Lido Pimienta Flips Rihanna’s “Work” Patois Into Barranquilla Slang in This Clever Cover

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On hot afternoons in Barranquilla, artist Lido Pimienta would meet the women who made orange juice or sold empanadas on the street, often accompanied by their babies. When Lido asked them why they worked so hard, “it was always the same narrative.” It was mostly for a man, or rather for the shared enterprise of their relationship. He typically worked little, and so she had to work more. But despite that, there was always infidelity.

These stories inspired Colombia-raised, Canada-based Lido Pimienta to not only cover Rihanna’s “Work,” but to shake it up a little. Despite the universality of its message, Lido’s cover is regional, crafted in distinct Barranquilla slang.

Exhibit A: Work becomes “camellando” – the major pastime of the song’s speaker – while her lover spends all day “vagabundeando.” Those street vendors would go on to tell Pimienta about how they blamed themselves, rather their work, for their beloved’s wandering eye.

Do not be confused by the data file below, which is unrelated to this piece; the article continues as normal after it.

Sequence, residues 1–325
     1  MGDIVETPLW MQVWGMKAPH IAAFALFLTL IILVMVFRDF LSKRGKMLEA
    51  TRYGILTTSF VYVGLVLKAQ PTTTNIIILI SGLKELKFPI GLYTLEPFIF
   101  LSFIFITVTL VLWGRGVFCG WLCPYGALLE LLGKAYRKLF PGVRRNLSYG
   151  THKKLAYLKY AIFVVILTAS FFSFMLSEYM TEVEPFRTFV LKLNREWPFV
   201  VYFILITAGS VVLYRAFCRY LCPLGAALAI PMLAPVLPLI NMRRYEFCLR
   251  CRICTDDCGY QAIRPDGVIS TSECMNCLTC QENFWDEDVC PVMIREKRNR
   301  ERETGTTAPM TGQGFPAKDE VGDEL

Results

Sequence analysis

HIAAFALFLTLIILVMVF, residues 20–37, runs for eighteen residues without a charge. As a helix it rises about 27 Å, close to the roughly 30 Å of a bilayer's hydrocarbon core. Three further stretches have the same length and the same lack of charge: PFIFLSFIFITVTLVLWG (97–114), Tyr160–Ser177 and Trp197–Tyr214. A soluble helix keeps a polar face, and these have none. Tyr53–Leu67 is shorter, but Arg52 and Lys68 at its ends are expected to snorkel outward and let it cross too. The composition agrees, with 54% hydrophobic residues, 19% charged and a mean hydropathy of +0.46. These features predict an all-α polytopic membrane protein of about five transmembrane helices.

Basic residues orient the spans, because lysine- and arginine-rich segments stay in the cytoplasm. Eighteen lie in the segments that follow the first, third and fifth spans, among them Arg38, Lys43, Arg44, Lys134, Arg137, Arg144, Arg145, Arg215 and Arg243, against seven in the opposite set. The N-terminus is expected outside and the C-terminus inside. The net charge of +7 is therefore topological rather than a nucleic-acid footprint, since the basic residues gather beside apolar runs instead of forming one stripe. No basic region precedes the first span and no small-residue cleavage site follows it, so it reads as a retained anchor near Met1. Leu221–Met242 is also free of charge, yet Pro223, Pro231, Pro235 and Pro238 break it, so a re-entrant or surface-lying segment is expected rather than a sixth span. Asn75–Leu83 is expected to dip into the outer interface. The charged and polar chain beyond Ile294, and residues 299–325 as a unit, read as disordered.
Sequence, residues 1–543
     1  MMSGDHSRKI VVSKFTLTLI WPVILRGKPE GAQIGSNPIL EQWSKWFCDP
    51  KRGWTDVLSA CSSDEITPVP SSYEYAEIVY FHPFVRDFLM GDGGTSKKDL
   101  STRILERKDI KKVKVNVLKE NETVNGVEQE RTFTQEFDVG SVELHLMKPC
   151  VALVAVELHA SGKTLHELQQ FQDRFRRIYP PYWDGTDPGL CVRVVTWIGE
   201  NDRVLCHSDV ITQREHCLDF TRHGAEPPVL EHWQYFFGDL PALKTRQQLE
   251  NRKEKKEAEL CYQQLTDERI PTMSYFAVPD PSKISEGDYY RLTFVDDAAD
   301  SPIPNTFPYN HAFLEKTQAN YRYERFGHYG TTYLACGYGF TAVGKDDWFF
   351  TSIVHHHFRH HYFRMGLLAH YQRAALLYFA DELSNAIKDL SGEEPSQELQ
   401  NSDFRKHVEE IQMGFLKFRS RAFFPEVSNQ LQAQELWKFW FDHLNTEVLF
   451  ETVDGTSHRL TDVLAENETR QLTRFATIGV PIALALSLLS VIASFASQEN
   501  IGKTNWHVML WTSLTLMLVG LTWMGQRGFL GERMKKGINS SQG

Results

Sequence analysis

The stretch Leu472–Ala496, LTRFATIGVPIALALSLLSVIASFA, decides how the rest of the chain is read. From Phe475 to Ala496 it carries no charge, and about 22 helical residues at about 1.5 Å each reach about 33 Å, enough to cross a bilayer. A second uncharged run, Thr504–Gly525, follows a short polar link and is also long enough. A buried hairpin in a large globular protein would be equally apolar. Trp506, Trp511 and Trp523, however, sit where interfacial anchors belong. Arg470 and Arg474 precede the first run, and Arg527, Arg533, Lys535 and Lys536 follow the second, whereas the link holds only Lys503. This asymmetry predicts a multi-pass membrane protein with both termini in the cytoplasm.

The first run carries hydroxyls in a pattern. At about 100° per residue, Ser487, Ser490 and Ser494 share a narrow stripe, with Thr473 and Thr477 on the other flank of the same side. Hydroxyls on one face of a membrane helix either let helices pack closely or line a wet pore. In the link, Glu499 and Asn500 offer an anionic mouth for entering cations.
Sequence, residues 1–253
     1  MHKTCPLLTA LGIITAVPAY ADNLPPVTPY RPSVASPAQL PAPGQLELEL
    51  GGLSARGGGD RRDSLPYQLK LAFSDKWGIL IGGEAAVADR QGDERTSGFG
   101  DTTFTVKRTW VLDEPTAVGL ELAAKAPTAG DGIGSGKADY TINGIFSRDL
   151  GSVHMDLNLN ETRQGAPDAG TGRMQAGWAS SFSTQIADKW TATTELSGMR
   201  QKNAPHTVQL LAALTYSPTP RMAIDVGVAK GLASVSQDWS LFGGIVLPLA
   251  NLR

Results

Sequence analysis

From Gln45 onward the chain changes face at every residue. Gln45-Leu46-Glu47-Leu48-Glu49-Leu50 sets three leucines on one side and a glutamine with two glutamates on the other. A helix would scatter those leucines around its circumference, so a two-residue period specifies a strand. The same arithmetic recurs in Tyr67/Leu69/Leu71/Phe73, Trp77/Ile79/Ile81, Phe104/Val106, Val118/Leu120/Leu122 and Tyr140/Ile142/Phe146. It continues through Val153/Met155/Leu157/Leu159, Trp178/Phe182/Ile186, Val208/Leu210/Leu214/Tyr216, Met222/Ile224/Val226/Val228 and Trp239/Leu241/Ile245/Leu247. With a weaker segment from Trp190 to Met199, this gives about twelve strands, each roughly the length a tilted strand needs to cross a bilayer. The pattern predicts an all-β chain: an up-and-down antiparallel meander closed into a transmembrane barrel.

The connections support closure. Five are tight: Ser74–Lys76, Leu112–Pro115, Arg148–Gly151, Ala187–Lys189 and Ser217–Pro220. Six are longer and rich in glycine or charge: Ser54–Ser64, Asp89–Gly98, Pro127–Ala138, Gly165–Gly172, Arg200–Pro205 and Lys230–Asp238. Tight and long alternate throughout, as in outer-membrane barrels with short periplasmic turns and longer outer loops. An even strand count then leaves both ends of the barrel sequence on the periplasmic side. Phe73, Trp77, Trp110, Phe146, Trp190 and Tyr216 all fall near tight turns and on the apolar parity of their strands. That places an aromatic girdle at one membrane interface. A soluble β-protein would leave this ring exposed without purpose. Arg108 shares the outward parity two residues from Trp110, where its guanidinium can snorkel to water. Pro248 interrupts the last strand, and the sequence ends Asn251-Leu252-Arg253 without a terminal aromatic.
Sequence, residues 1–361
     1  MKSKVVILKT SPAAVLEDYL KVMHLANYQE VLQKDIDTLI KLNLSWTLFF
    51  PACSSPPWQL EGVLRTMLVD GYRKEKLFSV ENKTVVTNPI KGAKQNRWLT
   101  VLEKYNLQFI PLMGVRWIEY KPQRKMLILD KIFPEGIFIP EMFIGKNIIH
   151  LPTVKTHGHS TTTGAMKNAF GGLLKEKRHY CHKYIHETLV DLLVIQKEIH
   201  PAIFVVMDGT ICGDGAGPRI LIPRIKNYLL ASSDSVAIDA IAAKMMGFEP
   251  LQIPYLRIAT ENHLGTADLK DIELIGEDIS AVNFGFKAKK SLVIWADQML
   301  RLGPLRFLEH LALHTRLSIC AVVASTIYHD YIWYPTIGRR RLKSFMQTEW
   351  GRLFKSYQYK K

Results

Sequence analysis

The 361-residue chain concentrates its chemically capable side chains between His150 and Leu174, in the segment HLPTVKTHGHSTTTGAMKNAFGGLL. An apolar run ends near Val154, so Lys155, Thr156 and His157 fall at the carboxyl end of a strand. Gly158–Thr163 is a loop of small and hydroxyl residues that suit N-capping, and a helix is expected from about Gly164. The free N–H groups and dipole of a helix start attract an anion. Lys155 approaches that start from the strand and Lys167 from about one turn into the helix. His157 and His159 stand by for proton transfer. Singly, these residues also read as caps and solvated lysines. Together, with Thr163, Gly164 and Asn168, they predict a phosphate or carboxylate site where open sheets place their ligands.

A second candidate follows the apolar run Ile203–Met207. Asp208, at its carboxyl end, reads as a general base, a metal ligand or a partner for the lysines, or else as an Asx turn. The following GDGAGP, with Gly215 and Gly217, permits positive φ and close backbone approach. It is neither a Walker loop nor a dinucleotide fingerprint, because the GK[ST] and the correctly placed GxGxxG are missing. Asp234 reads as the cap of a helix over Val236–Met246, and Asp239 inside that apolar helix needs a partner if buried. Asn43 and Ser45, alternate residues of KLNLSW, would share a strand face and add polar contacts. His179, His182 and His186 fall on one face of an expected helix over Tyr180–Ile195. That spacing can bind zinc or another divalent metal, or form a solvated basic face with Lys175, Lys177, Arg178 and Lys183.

“Yo sé que tu me quieres, a tu manera tu me quieres,” sings the speaker. It’s a way of giving credit to someone who probably doesn’t deserve it – or rationalizing bad behavior because it hurts too much not to.

And it’s not just these women who take the lion’s share of the emotional and financial work. “This is the way I grew up,” explains Pimienta. “I think it’s because you know, in Latin households – women are the ones that run everything.” Instead of washing her brothers’ clothes as a little girl, Pimienta would pick up her bike and explain to her mom that he had his own two hands. But for most women, she says, the extra work starts early.

Pimienta compares that power imbalance to the treatment of her home region, La Guajira. The resource-rich, historically indigenous area has experienced environmental and economic exploitation. But the region’s contributions to the country are rarely acknowledged, she says.

In the second half of the song, Pimienta’s speaker takes a stronger stance. The message becomes less about wanting a lover back (even after he “took my heart and my keys and my patience”) and more about setting a boundary.

“I know that you love me in your own way, and I know that you want to prove your manhood by having all these side chicks over here, but I also want you to respect me, because – estás mondao – you’re broke!” she says. “And if you don’t get your shit together,” she adds, “I’m going to leave you.”